The European Union is among the fastest-growing cocoa-importing regions in the world, with France, Switzerland, Germany, and the Netherlands leading the market. Europeans alone consume around 40% of the world's cocoa per year, and 16 of the top 20 consuming countries are in Europe. To meet its domestic consumption demand, the EU imports roughly 85% of its cocoa from West African countries like Cote d'Ivoire, Ghana, Nigeria, and Cameroon. In recent times, ethical buying practices have become important in the European cocoa and chocolate market. The need for sustainability and ethical trade has gained ground through increased awareness of unfair and unsustainable trading practices, both for consumers and industry players. This has tightened the import regulations and restrictions ,as traders become more choosy about the source and quality of cocoa they are importing.
Europe’s Cocoa Import Value
Source: Trend Economy
Furthermore, the EU is in a race to reduce its greenhouse gas (GHG) emissions, which cause global climate change. The region is focusing on fighting against deforestation to control these emissions, which further narrows down the options for souring raw cocoa. The European Commission and the European Parliament is expected to approve related policies in December 2022, one of which would force cocoa producers to certify that their production did not contribute to deforestation. The farmers and companies that export cocoa and coffee to the European Union must provide geolocation and indicate where the product was grown, identify the source for the European market, and demonstrate that its production did not contribute to deforestation on that land after December 2020.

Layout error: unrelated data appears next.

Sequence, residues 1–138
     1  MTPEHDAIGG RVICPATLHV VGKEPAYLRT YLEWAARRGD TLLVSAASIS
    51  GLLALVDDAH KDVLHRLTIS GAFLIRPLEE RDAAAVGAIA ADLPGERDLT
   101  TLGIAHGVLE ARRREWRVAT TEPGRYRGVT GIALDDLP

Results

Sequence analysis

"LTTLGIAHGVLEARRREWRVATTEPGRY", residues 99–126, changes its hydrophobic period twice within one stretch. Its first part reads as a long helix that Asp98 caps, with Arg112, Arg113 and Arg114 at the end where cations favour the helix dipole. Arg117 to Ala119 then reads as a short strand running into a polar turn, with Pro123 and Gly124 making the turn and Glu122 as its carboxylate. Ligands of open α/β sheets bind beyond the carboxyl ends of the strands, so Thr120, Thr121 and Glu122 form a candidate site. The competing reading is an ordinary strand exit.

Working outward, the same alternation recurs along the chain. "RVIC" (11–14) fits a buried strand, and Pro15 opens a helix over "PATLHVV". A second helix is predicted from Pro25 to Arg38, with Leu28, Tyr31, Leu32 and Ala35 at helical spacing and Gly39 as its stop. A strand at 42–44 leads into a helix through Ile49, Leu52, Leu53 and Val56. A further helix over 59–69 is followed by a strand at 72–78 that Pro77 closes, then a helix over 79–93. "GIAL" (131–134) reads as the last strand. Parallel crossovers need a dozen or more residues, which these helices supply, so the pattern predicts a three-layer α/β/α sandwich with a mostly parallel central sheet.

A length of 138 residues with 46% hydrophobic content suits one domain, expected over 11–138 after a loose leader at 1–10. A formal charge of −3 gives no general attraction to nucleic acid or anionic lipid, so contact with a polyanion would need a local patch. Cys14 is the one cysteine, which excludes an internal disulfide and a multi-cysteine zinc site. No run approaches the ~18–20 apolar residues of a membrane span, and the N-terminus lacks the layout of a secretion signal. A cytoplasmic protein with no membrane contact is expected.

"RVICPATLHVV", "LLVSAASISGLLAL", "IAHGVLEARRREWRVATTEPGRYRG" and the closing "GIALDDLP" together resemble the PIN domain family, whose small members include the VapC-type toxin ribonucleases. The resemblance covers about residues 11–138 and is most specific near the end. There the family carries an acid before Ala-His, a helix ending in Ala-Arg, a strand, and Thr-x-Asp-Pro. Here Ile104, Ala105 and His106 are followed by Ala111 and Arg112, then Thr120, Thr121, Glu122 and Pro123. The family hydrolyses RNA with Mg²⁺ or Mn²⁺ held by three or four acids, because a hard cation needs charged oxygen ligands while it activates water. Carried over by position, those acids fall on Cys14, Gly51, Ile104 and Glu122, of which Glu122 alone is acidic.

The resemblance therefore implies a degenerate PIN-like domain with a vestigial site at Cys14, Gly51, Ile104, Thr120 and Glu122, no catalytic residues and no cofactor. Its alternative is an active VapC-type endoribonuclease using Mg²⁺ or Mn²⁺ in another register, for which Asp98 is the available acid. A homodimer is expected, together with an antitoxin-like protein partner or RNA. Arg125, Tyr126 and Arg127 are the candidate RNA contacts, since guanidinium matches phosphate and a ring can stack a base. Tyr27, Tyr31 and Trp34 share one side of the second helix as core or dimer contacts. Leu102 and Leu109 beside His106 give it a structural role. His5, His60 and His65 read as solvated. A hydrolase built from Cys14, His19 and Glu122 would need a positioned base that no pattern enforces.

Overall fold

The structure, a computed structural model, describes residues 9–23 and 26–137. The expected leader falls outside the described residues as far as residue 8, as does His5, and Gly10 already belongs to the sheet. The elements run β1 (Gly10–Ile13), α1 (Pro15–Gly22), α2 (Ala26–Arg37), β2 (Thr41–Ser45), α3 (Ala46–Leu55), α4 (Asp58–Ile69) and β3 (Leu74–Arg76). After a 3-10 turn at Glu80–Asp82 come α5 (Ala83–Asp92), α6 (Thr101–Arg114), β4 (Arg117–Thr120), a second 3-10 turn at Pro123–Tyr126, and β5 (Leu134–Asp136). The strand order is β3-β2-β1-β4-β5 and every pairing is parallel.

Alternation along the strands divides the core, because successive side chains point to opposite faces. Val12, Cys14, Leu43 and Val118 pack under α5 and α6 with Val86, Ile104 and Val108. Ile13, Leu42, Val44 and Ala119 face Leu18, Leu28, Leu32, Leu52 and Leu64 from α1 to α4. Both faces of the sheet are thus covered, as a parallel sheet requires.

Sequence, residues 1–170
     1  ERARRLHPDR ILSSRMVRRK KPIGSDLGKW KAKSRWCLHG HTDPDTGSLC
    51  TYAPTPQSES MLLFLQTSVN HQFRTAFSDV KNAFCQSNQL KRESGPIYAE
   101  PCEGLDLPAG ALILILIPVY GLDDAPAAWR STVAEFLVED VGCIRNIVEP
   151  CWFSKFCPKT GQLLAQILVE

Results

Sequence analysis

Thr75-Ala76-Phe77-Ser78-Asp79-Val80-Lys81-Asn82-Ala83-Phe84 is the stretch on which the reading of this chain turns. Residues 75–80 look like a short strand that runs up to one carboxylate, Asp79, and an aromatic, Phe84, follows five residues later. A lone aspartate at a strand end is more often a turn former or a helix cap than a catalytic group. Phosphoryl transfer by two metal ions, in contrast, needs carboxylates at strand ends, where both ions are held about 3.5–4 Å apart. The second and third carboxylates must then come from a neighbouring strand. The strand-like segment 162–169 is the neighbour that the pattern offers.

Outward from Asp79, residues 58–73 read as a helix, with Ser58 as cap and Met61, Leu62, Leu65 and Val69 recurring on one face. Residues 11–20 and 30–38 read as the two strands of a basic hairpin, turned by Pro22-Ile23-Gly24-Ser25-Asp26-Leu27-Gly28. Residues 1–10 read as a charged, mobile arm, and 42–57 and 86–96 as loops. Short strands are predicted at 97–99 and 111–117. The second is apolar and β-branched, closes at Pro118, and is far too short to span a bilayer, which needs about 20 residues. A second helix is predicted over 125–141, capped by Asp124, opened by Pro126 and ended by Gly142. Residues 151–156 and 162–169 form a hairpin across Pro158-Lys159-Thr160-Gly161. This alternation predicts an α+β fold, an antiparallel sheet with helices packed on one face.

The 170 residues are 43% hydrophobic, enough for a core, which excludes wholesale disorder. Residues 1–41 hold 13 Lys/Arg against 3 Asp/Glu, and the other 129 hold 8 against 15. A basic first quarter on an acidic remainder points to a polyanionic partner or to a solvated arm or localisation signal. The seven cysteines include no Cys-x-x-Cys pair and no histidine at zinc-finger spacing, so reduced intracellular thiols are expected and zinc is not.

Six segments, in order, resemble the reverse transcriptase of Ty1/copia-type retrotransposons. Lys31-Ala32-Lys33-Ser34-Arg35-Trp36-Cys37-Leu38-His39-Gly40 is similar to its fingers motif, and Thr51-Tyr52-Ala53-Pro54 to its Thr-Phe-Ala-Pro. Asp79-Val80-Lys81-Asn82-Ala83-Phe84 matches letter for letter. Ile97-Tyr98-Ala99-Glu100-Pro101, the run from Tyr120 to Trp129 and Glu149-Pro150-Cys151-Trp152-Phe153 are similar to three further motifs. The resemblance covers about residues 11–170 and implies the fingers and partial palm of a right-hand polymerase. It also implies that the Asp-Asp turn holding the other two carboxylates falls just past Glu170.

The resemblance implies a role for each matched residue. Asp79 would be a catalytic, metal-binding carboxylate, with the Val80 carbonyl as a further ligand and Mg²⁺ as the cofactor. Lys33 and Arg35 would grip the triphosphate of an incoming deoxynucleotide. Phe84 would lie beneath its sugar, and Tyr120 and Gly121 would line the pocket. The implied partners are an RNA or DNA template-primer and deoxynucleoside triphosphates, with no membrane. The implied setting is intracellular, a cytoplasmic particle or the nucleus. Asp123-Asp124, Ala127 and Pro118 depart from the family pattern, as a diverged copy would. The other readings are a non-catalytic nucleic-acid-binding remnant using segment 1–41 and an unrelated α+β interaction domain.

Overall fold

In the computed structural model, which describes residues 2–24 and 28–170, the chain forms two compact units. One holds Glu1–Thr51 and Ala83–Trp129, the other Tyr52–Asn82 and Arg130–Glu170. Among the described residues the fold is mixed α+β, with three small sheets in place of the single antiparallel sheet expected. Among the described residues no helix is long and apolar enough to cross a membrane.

The EU will have trouble importing cocoa as new regulations will limit its sourcing options, and there could be a shortage in the market. A recent report by ICCO shows that the cocoa grindings of the European Cocoa Association (ECA) have already declined by 1.53% on a YoY basis. Apart from limited raw material, it is likely that the cocoa market will remain weak due to the current global macroeconomic narrative of high inflation, low interest rates, and slow growth. Countries that are looking to export cocoa to the region should focus on getting certifications like Rainforest Alliance and UTZ, as they are increasingly being used in this market as an entry requirement because of the stricter sustainability protocols of manufacturers and retailers.